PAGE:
In addition to Maheshwar's answer, once you feel you want to try more practical Machine Learning, I'd start with Weka. The software is free and effective, they have a good manual and relevant exercises and there are plenty of free videos available on Youtube!
To complement the other answers:
I recommend you to take the Artificial Intelligence course from the AI micromaster given by Columbia on edx.
The course cover a wide range of AI problems and the most important is that give you a general framework to think with a mix of applications on python. Based on the book of Artificial Intelligence: A Modern Approach by Peter Norvig and Stuart Russell
I found useful to combine the study of some machine learning algorithms with the statistical programming language R to experiment with many algorithms to catch the concepts. Useful the following books: Elements of Statistical Learning and Introduction to Statistical Learning, both are available free on the authors websites.
The OP asked about AI, not Machine Learning. Machine Learning is a sub-discipline of AI. Most AI used in games and motion planning does not involve machine learning.
The background you will need to "jump into the field of AI":
- Math through calculus
- Basic combinatorics and probability theory
If you already have these requirements, I suggest looking at different types of AI to see what sounds most interesting to you. Mostly, getting into AI just means learning how the algorithms work. The algorithms for facial recognition (a machine learning problem) for example are much different than coordinating a team of robots (a combinatorial optimization problem).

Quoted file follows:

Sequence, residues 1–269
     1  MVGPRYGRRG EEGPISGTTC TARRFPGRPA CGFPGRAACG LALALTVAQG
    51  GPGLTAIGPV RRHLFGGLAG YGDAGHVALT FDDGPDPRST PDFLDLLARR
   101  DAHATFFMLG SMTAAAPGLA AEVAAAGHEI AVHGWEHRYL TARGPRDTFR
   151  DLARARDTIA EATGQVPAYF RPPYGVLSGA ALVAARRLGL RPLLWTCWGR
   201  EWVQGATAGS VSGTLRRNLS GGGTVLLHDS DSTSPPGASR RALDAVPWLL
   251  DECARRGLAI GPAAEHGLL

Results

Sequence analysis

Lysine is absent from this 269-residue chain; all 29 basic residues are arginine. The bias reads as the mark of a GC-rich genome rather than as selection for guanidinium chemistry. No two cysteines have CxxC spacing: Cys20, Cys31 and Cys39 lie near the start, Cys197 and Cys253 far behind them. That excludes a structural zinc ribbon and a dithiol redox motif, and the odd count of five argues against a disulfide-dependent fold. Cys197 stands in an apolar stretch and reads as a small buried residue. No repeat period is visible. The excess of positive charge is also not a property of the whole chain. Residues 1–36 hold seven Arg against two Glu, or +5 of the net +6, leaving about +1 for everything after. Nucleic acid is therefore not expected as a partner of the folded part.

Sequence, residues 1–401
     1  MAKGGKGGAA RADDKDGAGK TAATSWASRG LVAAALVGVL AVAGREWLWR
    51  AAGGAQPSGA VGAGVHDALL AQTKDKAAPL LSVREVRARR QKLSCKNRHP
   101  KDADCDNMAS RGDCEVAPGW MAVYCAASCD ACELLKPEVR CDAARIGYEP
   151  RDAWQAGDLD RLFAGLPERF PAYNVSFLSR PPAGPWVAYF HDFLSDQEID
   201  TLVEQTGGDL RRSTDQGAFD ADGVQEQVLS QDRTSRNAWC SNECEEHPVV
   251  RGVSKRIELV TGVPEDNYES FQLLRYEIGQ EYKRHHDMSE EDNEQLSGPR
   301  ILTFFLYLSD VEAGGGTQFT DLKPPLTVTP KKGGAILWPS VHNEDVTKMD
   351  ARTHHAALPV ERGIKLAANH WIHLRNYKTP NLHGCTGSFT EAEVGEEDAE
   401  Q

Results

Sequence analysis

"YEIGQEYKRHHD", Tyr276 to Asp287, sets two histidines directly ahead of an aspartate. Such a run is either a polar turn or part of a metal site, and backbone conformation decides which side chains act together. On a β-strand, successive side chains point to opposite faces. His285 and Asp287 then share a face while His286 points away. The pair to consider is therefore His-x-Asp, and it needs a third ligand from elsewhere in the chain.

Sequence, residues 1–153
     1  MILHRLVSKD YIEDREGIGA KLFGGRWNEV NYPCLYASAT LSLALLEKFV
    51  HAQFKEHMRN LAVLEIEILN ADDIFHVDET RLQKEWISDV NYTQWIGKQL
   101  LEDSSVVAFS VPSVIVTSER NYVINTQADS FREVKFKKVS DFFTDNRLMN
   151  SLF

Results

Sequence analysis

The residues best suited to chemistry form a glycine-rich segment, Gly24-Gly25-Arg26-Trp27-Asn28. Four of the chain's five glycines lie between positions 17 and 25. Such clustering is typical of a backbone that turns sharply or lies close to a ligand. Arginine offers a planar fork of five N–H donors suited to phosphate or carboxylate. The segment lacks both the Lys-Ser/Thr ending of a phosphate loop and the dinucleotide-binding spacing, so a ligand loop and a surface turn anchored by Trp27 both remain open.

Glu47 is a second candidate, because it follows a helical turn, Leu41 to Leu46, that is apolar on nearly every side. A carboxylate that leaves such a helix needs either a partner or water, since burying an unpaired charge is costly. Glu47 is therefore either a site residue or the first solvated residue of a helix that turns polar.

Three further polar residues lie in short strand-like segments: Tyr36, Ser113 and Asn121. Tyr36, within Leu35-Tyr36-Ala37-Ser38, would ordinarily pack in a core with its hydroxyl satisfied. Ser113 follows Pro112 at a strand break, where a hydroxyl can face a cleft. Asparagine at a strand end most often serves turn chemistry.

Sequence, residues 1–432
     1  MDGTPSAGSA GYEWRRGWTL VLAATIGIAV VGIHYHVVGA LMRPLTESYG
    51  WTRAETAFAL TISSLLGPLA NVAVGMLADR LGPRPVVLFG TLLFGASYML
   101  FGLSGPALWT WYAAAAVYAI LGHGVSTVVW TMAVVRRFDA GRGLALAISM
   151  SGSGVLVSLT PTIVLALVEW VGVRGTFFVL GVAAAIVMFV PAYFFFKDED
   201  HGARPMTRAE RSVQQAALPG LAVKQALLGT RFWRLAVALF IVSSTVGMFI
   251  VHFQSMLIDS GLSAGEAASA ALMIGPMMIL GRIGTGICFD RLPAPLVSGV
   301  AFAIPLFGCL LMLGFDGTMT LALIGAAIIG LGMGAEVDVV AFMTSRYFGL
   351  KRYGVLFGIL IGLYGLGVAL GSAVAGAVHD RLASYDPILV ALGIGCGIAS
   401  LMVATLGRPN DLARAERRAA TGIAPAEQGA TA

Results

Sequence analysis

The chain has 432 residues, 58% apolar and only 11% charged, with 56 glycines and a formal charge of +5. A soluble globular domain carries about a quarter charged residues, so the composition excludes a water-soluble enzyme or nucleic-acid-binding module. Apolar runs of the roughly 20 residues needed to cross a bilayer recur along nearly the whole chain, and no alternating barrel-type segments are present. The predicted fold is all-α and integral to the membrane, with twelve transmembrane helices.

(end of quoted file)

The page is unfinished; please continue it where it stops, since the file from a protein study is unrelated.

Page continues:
"artificial intelligence" is now a mature field and there are many subfields in it. there are entire theories erected around each subfield of artificial intelligence. a simple analogy would like "what are the skills needed for succeeding in mathematics/physics?". the answer really depends on what branch you want to delve into.
if you are planning to go into more application specific side of artificial intelligence (machine learning/ deep learning) then you must be thorough with linear algebra . since most of machine learning algorithms can be boiled down to simple tricks in linear algebra. learning about optimization will help a lot because you will encounter many algorithms involving convex/nonconvex optimization methods.
Also statistics and probability are must for any field in artificial algorithms.
That said, at core artificial intelligence deals with machines that think. So it would be better if you are through with formal logic , automata and complexity theory .
You can start with they videos on Youtube. It is simple, with a basic knowledge in Python, you can do much things with ML.
I found too, a new video of Cloud AI Adventures explain "The 7 Steps of Machine Learning", you can watch HERE.
About math, I asked the same question when I started learning ML / AI. I'm not good with math, just the basics (also developer). But today, with TensorFlow and other libraries, you can focus on the theory and definition. So, do not worry, over time, AI models will be construct with a few buttons and labels ... maybe it's happening.
As they suggested good resources and there are many resources but I will recommend you to start with What Is The Best Book On Artificial Intelligence (AI)? , Introduction to Machine Learning and Artificial Intelligence - Machine Learning
And this video summary which knowledge of math that you need Mathematics of Machine Learning And this link explain Mathematics for AI: All the essential math topics you need
After that, you can see these links, these my favorite